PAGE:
I have to admit I am glad to be back in my car, I did not enjoy having to call a driver (remise) every time I needed to leave the house.  With all the back and forth between the church and school this week, I am having a better understanding of my tiny corner of Argentina.  To quote a famous movie line from Grease when they are at Thunder Road, “The Rules Are, There Are No Rules” and that is how we drive.  So basically you get to drive everyday how you wish you could drive when you are running late to your kids practice again.  Most streets are one way, so in a street where you would think one car could fit, they manage to fit three with a motorcycle in the middle.  There are no stop signs just a universal understanding that at an intersection the person to the right has the right of way.  Non Argentine citizens are easily identified as they pause at intersections and run the risk of being rear ended because no one is expecting you to stop.  On some of the major roads, they do have stop lights which go: green, yellow, red, then yellow again before it goes back to green.  As a result I find myself sitting at a red light waiting for it to turn yellow, because people start honking their horns if you are sitting there for .05 seconds after it turns green, everybody moves on yellow.  You also never stop at a light turning yellow before it turns red or you will hear beautiful Argentine obscenities directed at you.  Managing the one way streets has been really challenging and pedestrians beware, they do not have the right of way and they know it.  Don’t even get me started about turning left.  Only a few streets allow you to turn left and you can do it from the far right lane, think about that one.  I can’t believe they just let us drive here without taking a test first.   Argentines are very proud, very loud, and they care primarily about themselves, so driving is no joke and quite frankly if I ever get pulled over, I will not handle it well.  Most of the X-Pats have extra pesos on hand just in case, I will not do this.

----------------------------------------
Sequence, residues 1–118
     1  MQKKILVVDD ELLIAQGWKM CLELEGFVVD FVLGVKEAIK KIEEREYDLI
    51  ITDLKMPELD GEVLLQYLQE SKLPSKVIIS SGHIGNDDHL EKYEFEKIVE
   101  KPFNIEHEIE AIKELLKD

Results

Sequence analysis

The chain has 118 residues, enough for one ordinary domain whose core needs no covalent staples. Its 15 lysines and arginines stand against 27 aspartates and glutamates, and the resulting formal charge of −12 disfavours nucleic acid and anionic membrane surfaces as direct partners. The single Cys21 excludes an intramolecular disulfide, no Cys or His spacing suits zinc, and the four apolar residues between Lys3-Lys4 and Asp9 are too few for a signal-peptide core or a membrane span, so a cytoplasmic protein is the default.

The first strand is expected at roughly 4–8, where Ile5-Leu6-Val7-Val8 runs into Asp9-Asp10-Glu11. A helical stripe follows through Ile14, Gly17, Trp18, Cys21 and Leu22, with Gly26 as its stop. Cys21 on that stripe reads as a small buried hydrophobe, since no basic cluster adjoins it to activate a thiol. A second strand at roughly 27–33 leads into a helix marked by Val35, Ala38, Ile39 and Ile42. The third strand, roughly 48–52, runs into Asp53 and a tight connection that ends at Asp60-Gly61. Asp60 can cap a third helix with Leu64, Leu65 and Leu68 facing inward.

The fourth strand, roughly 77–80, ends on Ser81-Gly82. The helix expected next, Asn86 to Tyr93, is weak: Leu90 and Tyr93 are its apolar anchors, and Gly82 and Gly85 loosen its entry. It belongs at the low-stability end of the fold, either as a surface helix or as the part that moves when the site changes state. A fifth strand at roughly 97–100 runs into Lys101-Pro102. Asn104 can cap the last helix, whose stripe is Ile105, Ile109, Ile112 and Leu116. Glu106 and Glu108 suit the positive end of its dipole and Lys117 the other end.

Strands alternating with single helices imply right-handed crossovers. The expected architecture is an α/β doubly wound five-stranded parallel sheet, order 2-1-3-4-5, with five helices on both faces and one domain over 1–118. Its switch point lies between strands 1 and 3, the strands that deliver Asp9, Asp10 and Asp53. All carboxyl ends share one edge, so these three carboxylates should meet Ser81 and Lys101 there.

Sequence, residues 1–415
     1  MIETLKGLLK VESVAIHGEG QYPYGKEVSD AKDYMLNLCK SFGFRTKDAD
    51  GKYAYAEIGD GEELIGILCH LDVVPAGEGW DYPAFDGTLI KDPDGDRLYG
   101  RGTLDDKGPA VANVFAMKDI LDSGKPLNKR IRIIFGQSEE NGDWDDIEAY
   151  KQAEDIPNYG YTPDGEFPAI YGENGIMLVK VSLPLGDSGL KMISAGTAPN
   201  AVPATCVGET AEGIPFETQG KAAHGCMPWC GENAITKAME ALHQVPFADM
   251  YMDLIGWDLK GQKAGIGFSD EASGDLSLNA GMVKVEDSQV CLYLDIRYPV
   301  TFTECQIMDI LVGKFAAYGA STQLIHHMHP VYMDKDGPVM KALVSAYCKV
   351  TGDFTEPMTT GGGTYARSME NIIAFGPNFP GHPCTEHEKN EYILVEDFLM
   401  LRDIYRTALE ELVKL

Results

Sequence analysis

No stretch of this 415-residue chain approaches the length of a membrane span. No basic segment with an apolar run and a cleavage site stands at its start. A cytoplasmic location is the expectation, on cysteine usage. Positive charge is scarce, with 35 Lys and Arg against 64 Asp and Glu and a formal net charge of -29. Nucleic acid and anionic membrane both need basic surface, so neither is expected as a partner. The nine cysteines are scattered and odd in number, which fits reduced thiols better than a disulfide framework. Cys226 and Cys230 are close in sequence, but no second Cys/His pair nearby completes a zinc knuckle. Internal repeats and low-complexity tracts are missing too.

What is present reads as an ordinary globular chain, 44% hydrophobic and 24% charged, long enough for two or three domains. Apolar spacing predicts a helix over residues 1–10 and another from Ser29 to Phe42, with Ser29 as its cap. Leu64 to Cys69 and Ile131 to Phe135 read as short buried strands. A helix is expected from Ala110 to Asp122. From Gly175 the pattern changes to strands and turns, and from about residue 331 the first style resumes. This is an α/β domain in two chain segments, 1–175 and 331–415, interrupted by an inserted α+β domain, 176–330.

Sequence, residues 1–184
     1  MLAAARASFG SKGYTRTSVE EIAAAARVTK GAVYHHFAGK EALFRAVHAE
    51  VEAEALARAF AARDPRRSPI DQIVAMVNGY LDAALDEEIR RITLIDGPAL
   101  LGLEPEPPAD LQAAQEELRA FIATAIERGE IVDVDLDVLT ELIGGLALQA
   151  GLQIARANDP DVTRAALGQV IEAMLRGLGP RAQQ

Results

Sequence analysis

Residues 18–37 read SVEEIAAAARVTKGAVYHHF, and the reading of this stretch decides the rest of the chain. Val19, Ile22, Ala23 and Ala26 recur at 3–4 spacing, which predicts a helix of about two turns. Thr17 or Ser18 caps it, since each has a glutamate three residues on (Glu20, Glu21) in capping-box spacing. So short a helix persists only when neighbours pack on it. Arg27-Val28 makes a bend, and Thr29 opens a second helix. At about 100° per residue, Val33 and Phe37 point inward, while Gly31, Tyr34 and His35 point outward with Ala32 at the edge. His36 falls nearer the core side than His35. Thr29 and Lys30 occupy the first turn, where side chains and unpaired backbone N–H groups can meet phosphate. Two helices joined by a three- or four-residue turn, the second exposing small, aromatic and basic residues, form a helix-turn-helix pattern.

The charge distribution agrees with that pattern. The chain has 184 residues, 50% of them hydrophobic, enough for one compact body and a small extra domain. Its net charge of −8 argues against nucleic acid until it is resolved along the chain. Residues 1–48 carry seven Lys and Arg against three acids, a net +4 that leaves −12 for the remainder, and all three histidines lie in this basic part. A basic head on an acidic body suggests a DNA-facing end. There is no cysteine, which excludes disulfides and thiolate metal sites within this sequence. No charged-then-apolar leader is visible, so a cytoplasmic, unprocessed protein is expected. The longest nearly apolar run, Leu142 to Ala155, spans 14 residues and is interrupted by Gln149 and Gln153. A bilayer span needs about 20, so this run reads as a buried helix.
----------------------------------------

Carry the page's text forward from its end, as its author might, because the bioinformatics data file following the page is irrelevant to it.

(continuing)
I try to keep my eyes on the road but there is so much to see, I can hardly concentrate.  On our way to school the other day I was thinking to myself, it’s just so old, and sometimes dirty, crowded and smelly.  As I was complaining silently to myself, Lyndsey says, “I love these buildings, they are so old and they look so cool, the trees are so big and it’s cool that it is so busy here, I want to live in the city someday”.  After hearing her say that right when I was thinking the exact opposite, I realized I am officially so old and so stuck in my ways that I cannot enjoy the new and different sights and sounds around me.  The girls in will be influenced by this experience that will hopefully be with them their entire life. I on the other hand am too far gone to be influenced.    But there are many benefits here that are turning me into an Argentine fan.  You can have your dog groomed for about seven US dollars and they will come and pick him up at your house and return him.  Every restaurant and grocery store delivers and you can have manicures and pedicures done in your own home for a fraction of what it cost in a US salon.  In sharp contrast they know us Americans well; I paid 10 US dollars the other day on a small bottle of ranch dressing.